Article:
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Jul
21
Saint Lawrence of Brindisi, Priest and Doctor of the Church
Posted by kenneymg on 21 July 2017 08:07 AM

 Saint Lawrence was Italian and a Capuchin with great teaching, writing, and leadership abilities. His writings include a commentary on Genesis, several treatises against Luther, and nine volumes of sermons. He preached in many regions of Europe and died in Lisbon.

Lawrence (Lorenzo) of Brindisi was most gifted in languages. In addition to his native Italian, he had complete reading and speaking ability in Latin, Hebrew, Greek, German, Bohemian, Spanish and French.

He was born on July 22, 1559, and died exactly 60 years later on his birthday in 1619. His parents William and Elizabeth Russo gave him the name of Julius Caesar, Caesare in Italian. After the early death of his parents, he was educated by his uncle at the College of St. Mark in Venice.

When he was just 16 he entered the Capuchin Franciscan Order in Venice and received the name of Lawrence. He completed his studies of philosophy and theology at the University of Padua and was ordained a priest at 23.

With his facility for languages he was able to study the Bible in its original texts. At the request of Pope Clement VIII, he spent much time preaching to the Jews in Italy. So excellent was his knowledge of Hebrew, the rabbis felt sure he was a Jew who had become a Christian.

While the Battle of Lepanto in 1571 had slowed the advance of Muslim forces in Europe, they still controlled most of Hungary. Emperor Rudolph was determined to drive them out. In 1601 St. Lawrence was appointed chaplain to the military and sent by the emperor to Germany to ask for assistance. The Duke of Brittany and many German soldiers joined the army and began planning an attack on Albe-Royal, a walled city with a garrison of 80,000 Turks. The emperor’s army only had 18,000 men but Saint Lawrence gave a rousing speech and led the attack on horseback holding a crucifix.

The Turks lost 30,000 men defending the city but there were still so many left after the city fell that they reorganized for a counter-attack a few days later. Saint Lawrence again led the army and holding up the crucifix declared, “Forward! Victory is ours.” The army was again victorious and after the battle the general and army as a whole attributed their success to the courage and miraculous protection of Saint Lawrence who, in spite of leading the army in both assaults armed only with a crucifix, was never wounded.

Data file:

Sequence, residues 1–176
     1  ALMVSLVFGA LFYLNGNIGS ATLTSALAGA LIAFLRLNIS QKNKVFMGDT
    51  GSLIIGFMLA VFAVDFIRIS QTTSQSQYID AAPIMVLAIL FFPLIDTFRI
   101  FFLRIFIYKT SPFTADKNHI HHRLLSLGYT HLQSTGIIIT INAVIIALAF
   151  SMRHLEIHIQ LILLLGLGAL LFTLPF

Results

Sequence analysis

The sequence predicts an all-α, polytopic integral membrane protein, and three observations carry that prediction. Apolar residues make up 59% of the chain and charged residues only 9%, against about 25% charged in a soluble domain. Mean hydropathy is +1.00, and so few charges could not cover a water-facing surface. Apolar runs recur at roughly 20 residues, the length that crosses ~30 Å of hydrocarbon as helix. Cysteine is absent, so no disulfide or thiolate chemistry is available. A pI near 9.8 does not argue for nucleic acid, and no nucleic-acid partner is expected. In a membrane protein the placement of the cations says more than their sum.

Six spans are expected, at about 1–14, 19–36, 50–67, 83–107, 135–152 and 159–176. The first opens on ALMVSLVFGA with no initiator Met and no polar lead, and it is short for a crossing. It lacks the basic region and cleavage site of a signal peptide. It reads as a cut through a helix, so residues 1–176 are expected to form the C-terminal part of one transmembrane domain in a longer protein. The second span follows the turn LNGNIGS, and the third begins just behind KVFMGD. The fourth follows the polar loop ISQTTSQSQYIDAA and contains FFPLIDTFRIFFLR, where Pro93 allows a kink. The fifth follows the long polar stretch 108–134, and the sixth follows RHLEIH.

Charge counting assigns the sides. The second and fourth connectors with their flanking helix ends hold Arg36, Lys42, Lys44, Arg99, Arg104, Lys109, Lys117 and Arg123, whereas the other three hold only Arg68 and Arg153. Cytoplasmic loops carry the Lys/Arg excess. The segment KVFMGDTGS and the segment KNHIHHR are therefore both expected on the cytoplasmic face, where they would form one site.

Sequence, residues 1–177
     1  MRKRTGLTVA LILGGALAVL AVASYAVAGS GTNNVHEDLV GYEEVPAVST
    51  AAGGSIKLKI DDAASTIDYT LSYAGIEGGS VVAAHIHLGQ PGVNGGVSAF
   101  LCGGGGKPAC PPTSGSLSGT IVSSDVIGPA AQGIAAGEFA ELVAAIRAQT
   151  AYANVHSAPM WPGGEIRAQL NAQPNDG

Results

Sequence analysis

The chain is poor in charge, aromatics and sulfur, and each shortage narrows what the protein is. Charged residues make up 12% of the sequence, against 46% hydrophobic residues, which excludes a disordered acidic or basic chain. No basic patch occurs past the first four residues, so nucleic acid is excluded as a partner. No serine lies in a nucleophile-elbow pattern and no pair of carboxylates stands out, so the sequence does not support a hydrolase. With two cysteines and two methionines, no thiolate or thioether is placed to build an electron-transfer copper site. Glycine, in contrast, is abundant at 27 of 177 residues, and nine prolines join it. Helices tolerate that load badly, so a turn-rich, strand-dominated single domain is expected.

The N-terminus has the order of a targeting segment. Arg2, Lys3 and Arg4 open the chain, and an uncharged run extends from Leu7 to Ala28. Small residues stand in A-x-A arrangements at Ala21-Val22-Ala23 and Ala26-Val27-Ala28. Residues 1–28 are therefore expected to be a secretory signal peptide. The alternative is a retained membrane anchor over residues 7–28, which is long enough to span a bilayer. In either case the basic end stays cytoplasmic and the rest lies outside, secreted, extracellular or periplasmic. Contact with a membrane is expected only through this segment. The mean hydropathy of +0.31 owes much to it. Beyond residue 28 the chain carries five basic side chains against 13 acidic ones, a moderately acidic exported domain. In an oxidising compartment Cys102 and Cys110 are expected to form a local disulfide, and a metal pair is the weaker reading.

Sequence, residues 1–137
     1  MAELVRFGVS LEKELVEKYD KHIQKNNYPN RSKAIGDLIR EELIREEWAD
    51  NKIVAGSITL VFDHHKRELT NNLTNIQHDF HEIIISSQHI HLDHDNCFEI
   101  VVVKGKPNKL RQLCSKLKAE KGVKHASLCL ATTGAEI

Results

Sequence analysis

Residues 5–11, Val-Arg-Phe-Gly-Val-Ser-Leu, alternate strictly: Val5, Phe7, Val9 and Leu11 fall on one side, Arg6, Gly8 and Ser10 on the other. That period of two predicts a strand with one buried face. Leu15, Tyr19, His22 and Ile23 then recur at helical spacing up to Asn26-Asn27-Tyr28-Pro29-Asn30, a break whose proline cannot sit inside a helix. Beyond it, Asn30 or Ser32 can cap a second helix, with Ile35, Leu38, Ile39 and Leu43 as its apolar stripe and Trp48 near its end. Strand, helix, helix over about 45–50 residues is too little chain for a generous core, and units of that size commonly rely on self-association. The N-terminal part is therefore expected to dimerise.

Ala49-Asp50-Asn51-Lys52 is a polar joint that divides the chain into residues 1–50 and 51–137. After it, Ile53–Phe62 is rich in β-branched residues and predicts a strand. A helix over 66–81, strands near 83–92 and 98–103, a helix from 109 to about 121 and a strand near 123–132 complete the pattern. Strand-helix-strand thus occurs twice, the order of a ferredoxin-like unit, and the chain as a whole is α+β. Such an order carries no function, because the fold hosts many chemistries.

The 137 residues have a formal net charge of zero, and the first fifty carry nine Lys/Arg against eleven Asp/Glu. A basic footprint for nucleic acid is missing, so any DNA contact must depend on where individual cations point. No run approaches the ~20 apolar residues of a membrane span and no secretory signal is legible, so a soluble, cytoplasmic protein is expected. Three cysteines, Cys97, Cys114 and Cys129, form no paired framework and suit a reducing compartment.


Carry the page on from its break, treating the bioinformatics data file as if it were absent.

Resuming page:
Lawrence’s sensitivity to the needs of people—a character trait perhaps unexpected in such a talented scholar—began to surface. He was elected major superior of the Capuchin Franciscan province of Tuscany at the age of 31. He had the combination of brilliance, human compassion and administrative skill needed to carry out his duties. In rapid succession he was promoted by his fellow Capuchins and was elected minister general of the Capuchins in 1602. In this position he was responsible for great growth and geographical expansion of the Order.

Lawrence was appointed papal emissary and peacemaker, a job which took him to a number of foreign countries. An effort to achieve peace in his native kingdom of Naples took him on a journey to Lisbon to visit the king of Spain. Serious illness in Lisbon took his life in 1619.

In 1956 the Capuchins completed a 15-volume edition of his writings. Eleven of these 15 contain his sermons, each of which relies chiefly on scriptural quotations to illustrate his teaching.

Adapted from AmericanCatholic.org and the Catholic Encyclopedia at newadvent.com.

He was beatified in 1783 by Pope Pius VI, canonized in 1881 by Pope Leo XIII, and declared a doctor of the Church by Pope Saint John XXIII in 1959. His feast day is July 21, in both the ordinary and extraordinary forms.

In art he is typically portrayed on horseback leading the army or embracing the Child Jesus. He is the patron saint of Brindisi, Italy.

His beautiful Litany of St. Lawrence can be prayed here

For St. Lawrence items, click here

 


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Jul
14
What Are the Different Types of Rosaries?
Posted by Ian on 14 July 2017 10:18 AM
Many of us are familiar with the standard, five decade rosary, the centuries-old favorite devotion of Roman Catholics throughout the world. An ornate crucifix on a strand of rosary beads is an image that most associate with devout and faithful prayer. But sometimes confusion arises with other terms, such as “chaplet” or “Franciscan rosary.” Aren’t they all the same? Well, not quite. The term rosary is used for various sets of prayers counted on beads, but the prayers may vary from those used in the Dominican Rosary – the most widely known form of the rosary. Additionally, there are some rosaries that use the standard prayers, but serve a specific purpose, like the wedding rosary. Here is some clarification on some of those different rosary terms.

Five Decade Rosary